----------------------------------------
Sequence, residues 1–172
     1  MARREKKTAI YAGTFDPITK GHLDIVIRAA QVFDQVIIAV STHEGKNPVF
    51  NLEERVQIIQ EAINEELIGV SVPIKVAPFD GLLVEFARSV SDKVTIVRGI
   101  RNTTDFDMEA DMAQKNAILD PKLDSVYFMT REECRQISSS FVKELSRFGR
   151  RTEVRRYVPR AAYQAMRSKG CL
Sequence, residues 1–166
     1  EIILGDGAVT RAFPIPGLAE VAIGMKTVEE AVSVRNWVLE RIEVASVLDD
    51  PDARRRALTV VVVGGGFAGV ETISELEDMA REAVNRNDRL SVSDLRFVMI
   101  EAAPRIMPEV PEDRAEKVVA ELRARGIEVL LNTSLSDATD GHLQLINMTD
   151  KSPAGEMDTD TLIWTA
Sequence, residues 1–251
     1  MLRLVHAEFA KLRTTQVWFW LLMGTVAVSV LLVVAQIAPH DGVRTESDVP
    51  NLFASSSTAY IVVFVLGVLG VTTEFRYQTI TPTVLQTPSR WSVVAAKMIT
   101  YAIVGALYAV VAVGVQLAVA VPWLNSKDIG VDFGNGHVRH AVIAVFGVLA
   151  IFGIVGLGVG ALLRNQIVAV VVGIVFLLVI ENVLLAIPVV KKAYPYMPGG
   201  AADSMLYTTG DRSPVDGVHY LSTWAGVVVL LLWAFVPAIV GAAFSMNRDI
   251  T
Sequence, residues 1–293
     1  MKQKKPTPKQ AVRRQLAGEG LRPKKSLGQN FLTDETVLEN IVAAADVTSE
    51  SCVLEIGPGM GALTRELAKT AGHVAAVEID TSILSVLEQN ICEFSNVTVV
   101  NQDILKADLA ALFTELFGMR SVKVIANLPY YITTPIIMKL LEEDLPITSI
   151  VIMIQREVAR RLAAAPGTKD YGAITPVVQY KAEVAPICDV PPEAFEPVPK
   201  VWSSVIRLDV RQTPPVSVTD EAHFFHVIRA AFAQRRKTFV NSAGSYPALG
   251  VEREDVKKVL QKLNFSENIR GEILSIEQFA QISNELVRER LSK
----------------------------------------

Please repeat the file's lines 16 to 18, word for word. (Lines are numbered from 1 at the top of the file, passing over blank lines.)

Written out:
   201  AADSMLYTTG DRSPVDGVHY LSTWAGVVVL LLWAFVPAIV GAAFSMNRDI
   251  T
Sequence, residues 1–293